It struck me, after pointing out that Citi’s going from 13 levels of management to 8 was just following the emergent natural hierarchy and so just cutting non-value adding positions, that I never really said why companies get in this mess. If these positions can NEVER add value no matter who is in them, why do companies create them?
Probably the most common is when someone can’t be fired but also can’t cut it where it matters.
I’m reminded of a comment I saw on a subreddit a couple years ago. The original post was about Carl Icahn’s story of firing 12 floors of useless NYC headquarters overhead in his first company, and made it more profitable. (I’ll provide my summary at the bottom if you’re not familiar with it.)
After a long thread on whether this could happen, one redditer chimed in with a personal story:
We grew pretty fast so our [Chief Marketing Officer] was a friend of the owner. Quickly needed a real CMO so he created a department to keep her on as an exec. Something like brand compliance. Well then you need people under her too. It’s an avalanche of incompetence.enjoytheshow
There’s a person a boss likes, but who isn’t as competent as the others. Rather than fire them, they get moved off to somewhere “unimportant”, someplace outside the core of the business. In this firm, Marketing was a must-have that had to be executed properly. But “brand compliance” was somewhere out of the core, not that important. This could have been IT, Safety, Learning & Development, DE&I, HR, or even … (gasp!) my own field of risk management. It’s not that all of us outside the core are incompetent, but that executives see it as a place where they will do no harm.
The boss may also bring on someone competent but less politically adept or connected to “shore them up”. Someone who has to do the actual work but at any time can be completely overridden by the incompetent “friend”.
Here’s the reality: you can’t keep people who can’t do the work. They will destroy the work. They are never “shored up” because they lack the capacity to do the work at that level. Instead, they either create a useless bureacracy, with endless reports and meetings that produce nothing (see below) or “grow” the group down from the level they’re incompentent at to the level they’re not. Regardless, it becomes a place where political connections, not productivity, is what gets rewarded.
What’s even more appalling is that all these people think that they are doing great work. Like the headquarters staff in Icahn’s story, they are busy all the time. They have stacks of “output”. They just don’t ever do anything of value, because the executive can’t conceptualize the work at the right level. They’re doing a lot of actions but never actually doing the work.
Worse, they become the trusted “experts” because they are the only ones who can understand the labyrinthine solution they created, which is both too complex and overly simple at the same time. The actual experts in your firm get chased away. (If you want to know the root of most massive safety violations, here’s your sign.)
And once you allow it in one place in your firm, the rot will start spreading. This “unimportant” group will create bureacracy that will crush your core’s agility. In risk management, this is often endless reporting and “box checking” or completely destructive waterfall processes where you must know what you will be doing for two years.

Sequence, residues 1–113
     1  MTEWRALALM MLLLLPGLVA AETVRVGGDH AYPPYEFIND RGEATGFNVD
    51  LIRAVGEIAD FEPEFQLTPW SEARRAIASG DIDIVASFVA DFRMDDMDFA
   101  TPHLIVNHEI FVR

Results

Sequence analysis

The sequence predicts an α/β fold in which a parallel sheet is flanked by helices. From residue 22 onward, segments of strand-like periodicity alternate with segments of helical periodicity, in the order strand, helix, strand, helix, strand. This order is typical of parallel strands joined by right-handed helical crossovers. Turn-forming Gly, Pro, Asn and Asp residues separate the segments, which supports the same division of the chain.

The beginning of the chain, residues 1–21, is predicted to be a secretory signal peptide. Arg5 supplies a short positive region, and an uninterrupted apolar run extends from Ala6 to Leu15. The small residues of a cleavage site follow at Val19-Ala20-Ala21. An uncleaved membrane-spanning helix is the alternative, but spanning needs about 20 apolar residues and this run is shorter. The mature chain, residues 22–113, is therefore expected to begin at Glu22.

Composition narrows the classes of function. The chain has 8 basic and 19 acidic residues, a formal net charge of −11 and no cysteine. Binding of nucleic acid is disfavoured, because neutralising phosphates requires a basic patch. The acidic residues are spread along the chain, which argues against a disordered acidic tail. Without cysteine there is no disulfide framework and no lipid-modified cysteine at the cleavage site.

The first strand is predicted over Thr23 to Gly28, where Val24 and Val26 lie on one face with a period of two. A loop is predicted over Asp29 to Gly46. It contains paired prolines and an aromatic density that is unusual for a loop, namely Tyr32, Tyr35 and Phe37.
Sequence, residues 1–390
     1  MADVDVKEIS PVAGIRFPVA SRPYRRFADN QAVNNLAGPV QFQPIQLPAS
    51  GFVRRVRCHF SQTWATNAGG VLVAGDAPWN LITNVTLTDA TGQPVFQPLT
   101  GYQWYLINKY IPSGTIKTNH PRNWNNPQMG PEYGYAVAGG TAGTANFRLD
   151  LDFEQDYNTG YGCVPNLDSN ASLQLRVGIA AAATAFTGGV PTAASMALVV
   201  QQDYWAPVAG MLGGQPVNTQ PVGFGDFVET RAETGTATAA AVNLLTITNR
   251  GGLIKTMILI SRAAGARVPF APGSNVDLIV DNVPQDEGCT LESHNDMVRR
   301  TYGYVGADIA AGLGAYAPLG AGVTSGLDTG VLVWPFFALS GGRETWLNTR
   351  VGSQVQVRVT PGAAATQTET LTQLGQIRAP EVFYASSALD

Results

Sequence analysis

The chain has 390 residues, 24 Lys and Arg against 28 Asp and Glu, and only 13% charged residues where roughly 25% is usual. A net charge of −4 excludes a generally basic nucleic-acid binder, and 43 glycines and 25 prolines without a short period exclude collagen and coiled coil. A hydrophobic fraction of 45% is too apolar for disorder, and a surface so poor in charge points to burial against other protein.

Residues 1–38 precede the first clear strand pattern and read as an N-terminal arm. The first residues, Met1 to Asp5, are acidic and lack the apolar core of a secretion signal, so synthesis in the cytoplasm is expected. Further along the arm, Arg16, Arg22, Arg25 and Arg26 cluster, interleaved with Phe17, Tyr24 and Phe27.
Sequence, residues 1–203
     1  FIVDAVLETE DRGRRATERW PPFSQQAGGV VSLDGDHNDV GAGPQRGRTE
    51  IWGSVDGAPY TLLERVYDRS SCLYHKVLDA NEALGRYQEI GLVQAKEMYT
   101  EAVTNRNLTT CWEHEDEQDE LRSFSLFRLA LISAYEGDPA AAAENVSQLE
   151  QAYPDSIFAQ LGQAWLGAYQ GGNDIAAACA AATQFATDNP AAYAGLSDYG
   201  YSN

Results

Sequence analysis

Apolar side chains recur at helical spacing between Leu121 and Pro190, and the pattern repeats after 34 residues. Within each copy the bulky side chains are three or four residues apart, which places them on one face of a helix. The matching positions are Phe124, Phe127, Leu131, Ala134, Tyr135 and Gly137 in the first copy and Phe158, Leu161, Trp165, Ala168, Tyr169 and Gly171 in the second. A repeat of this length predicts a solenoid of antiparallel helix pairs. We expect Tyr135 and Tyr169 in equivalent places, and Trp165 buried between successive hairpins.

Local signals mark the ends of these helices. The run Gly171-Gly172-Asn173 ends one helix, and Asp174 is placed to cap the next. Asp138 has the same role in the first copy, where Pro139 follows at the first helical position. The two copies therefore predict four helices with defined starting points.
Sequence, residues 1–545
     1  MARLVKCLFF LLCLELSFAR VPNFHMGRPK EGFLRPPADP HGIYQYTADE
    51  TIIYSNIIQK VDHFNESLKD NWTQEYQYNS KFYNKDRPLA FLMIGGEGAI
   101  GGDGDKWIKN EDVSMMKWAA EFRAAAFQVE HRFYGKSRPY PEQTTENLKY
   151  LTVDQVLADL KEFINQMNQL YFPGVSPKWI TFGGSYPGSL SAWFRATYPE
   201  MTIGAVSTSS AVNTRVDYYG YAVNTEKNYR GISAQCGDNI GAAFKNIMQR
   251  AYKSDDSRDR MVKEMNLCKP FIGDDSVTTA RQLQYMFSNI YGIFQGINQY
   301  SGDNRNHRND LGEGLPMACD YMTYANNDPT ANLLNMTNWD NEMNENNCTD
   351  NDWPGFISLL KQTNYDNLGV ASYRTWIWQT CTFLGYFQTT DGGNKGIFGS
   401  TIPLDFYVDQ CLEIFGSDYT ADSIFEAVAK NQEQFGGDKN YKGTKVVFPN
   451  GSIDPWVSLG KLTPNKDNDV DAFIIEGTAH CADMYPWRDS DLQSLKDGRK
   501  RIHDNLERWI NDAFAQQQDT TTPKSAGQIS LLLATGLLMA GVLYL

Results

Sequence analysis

Retired CEO Jos Wintermans (Rogers Cable, Sodisco-Howden, LifeLabs) once told me that you have to be ruthless in evaluating people’s performance and moving people out of roles they can’t do. If it sounds cruel, then you aren’t the hordes of minorities who can do the work but are denied opportunity because someone knows the boss.
Oh, and if you’re wondering how you can last when your boss is this person, be a yes-man until you find a new job.
Carl Icahn fires 12 floors, and productivity improves
Stop me if you’ve heard me tell this before about how Carl Icahn fired 12 floors of useless NYC headquarters overhead in his first company, and made it more profitable. It’s Carl’s first acquisition, and he bought a railcar company for some money laying about; say, $500 million in heavily leveraged funds. He figures, “I’m Carl Icahn! Even as a youngster! I can understand what they do!” So, he heads to headquarters in NYC and meets with the top brass for a couple of days. At the end of which he had no idea what they actually did. He heads to the Operations plant, deep in the Midwest (‘natch) where they can clearly explain what they do, but have no idea what headquarters do, either. But they demand reports, lots of reports, and the Ops head has fulltime staff dedicated to giving them what they demand.
Carl brings in an Ivy League business prof and his minions to detail what is going on in the headquarters. They create a massive binder with lots of colored graphs (very expensive back in the day) that is measured in kilos. “Yeah,” Carl says, “but what do they do?” And the Ivy League professor, being the genius PhD that he was and clearly seeing that Carl was a ruthless operator who was Destined For Bigger Things and therefore a potential source for a future gravy train, says, “Carl, I think you’re a nice guy, so I’m going to shoot it to you straight: we have no idea what they actuall do, either.”
Fast foward a few weeks and the headquarters’ lease was coming up for renewal. Carl said “nah, I’ll pass”, closed up the NYC office, laid off 12 floors of people, and moved everything to the Midwest, where zero new people were hired, and productivity went up.
Every one of these useless staffers thought that they were productive. They could point to the many reports that they created, the meetings they held, the late hours. They were necessary!
They were producing something. It just wasn’t anything of value to the firm. Their reports, labored over so hard by them, didn’t advance the firm.